The email I received asked if I would like to come to Nomadic Brewery for a presentation from Compass Live Art about the role of pubs in our lives entitled Public House. After due deliberation, lasting well over a second and a half, I accepted. As you can see by the photograph on my website which was taken in 1950, I have already been doing a lot of research into the subject.
When I arrived the bar was in full swing and there was a range of finger food spread out on a table so, after pinching myself to make sure it wasn’t a dream, I partook of both types of sustenance. Nomadic had put a couple of their wonderful beers on line, namely Strider and Pale, both of which were in excellent form, and so they should be coming straight from the cask which had travelled all of ten yards. After we were given the chance of a chat and a mingle the presentations began.
First up was Gaffa Kate, the owner of Nomadic, who told the story of the company so far and got us up to speed about its current success and the increasing number of outlets selling their products, not just in Leeds, not just in Yorkshire and not just in the UK but now abroad as well. A very positive beginning.
Annie Lloyd, a Co-Director of Compass Live Art gave an update as to the progress of the Biennial Festival, the next of which will take place in 2020, in which Public House will be a feature. It was the brainchild of Simon Persighetti and Katie Etheridge who were also involved in the very first Compass Live Arts Festival which was just a weekender in 2011. Yes, I know that if the first one was in 2011 and they are every two years, the maths doesn’t work for there to be one in 2020, but we were in a brewery with free beer, right, and so it all made perfect sense at the time. As with everything organised by Compass there will be no charge for any of the events on the programme so what is not to like. The Festival will be artist driven including five who were invited to Leeds in order to take part in artist residencies. The two presenters tonight were involved in that scheme.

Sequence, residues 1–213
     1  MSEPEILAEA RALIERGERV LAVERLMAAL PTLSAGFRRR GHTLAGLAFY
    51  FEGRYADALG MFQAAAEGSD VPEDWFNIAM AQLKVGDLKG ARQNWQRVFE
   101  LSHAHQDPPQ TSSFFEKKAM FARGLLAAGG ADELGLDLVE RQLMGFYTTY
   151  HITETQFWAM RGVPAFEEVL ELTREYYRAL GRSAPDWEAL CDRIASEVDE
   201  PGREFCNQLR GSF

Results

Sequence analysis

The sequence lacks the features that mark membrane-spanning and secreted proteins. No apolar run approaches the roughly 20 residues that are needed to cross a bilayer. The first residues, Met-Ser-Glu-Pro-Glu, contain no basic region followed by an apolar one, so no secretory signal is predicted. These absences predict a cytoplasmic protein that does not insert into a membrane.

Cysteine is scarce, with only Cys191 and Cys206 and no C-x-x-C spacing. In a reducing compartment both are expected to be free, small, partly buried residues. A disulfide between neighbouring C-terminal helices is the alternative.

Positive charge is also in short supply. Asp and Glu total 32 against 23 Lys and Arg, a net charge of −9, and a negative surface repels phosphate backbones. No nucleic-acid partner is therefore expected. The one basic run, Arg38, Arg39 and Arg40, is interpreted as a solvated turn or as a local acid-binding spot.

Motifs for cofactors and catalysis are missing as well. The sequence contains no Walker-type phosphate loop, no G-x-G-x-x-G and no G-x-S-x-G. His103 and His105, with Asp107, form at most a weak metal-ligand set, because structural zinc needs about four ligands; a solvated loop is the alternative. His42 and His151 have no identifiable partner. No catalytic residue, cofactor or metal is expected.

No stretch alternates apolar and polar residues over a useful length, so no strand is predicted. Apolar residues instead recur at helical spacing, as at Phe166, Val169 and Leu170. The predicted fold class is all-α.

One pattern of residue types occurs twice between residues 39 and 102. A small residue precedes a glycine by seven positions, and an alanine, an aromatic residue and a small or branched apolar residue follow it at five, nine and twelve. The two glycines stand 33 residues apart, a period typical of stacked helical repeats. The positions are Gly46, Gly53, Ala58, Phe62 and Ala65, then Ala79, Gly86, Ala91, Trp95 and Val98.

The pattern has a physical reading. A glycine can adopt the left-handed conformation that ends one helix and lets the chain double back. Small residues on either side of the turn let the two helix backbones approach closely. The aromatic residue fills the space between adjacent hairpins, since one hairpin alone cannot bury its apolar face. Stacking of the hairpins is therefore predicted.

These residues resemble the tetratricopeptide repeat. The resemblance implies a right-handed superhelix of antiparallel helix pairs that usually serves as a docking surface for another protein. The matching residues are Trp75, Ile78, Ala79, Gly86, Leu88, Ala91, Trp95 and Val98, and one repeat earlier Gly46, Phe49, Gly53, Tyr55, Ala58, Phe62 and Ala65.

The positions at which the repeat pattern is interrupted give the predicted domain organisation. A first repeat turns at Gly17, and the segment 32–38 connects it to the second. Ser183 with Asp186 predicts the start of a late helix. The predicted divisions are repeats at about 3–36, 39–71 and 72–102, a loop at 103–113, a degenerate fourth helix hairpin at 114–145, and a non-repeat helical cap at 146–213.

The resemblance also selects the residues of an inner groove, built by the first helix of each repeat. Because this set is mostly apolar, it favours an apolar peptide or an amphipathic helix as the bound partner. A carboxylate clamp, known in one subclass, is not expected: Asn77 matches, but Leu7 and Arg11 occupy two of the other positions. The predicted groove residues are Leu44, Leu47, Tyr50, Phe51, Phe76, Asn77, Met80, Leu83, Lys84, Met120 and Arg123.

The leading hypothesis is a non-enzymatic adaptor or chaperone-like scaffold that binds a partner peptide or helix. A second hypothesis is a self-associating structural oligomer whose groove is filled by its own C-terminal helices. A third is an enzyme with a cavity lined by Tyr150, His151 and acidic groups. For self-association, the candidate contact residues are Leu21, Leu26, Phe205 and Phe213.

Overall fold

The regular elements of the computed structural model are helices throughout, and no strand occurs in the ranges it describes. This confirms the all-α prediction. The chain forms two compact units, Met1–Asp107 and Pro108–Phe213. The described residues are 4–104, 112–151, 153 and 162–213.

It was then on to the double act of Etheridge and Persighetti who took the floor to explain all about Public House. The idea started in 2018 with a project trialled at pubs in Kirkgate. They had special pint glasses printed with four different slogans and ideas designed to get people talking about pubs and what they mean to society. They said that everyone has a ‘third place’, which is somewhere other than home and where they have to be, such as work or studying etc, where they feel comfortable, safe, accepted and happy which, for a lot of the population, is a pub. It is described as a viral artwork in that it relies on the word being spread to make it function. The focus for 2019 was ‘exchange’ which entailed Mike and Kate from Nomadic Brewery visiting Penryn in Cornwall to share experiences with the people at Granite Rock Brewery. Earlier this month the visits were reversed with the people from Granite Rock coming to Leeds.
The presentation wasn’t just a lecture but was interspersed with video clips. I had to smile at one of them where pub drinkers were asked what they would like to see in a local twenty years from now. There were the expected replies concerning good beer, efficient and friendly service and family areas but from a personal point of view what I would really love to see in the pub of twenty years hence would be the reflection of a bald, bearded, bespectacled ninety-year-old man looking back at me from the tap room mirror with a pint in his hand! We were also asked to approach a stranger and find out something about them including their third space which was very interesting.
The evening ended with a song from Greg Mulholland called Last of England and bemoaned the closure of so many well-known and not so well-known boozers which were once the heart of their communities. It paraphrased a poem by Hilaire Belloc and worked very well. I prefer to look on the bright side as I feel that the monopoly of the large breweries is being broken by the new breed of independents like Nomadic and the others, many of which are based in Leeds. Whilst they are so passionate about what they do I am sure that there is every hope for local pubs, if only something can be done about cheap supermarket beer.
No one seems to know where this project will lead so I am looking forward to finding out at next year’s festival. In the meantime I will continue doing my in-depth research into the pubs of Leeds and beyond on my own behalf. I will be very happy to share my experiences with Simon and Katie, if only I can remember what they are.